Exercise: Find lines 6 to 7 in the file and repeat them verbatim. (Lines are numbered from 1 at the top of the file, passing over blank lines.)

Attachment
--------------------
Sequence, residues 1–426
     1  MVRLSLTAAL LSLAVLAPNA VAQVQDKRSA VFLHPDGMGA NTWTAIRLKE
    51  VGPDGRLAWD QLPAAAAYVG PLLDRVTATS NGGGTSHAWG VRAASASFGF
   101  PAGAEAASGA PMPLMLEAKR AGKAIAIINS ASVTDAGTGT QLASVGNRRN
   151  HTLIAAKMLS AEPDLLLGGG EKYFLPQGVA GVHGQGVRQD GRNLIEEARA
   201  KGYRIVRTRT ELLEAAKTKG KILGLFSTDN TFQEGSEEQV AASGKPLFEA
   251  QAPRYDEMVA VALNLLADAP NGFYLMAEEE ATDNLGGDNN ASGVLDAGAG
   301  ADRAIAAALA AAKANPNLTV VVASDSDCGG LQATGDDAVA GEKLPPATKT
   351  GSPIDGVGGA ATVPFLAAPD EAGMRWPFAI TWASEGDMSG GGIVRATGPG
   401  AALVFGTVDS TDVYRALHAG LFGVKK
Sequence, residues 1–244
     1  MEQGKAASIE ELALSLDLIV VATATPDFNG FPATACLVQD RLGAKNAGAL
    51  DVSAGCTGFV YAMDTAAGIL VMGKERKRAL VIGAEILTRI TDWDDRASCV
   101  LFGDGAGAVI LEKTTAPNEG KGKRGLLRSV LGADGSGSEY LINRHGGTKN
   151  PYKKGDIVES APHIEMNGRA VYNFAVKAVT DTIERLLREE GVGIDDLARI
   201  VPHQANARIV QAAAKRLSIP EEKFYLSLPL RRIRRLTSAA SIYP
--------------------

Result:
   201  KGYRIVRTRT ELLEAAKTKG KILGLFSTDN TFQEGSEEQV AASGKPLFEA
   251  QAPRYDEMVA VALNLLADAP NGFYLMAEEE ATDNLGGDNN ASGVLDAGAG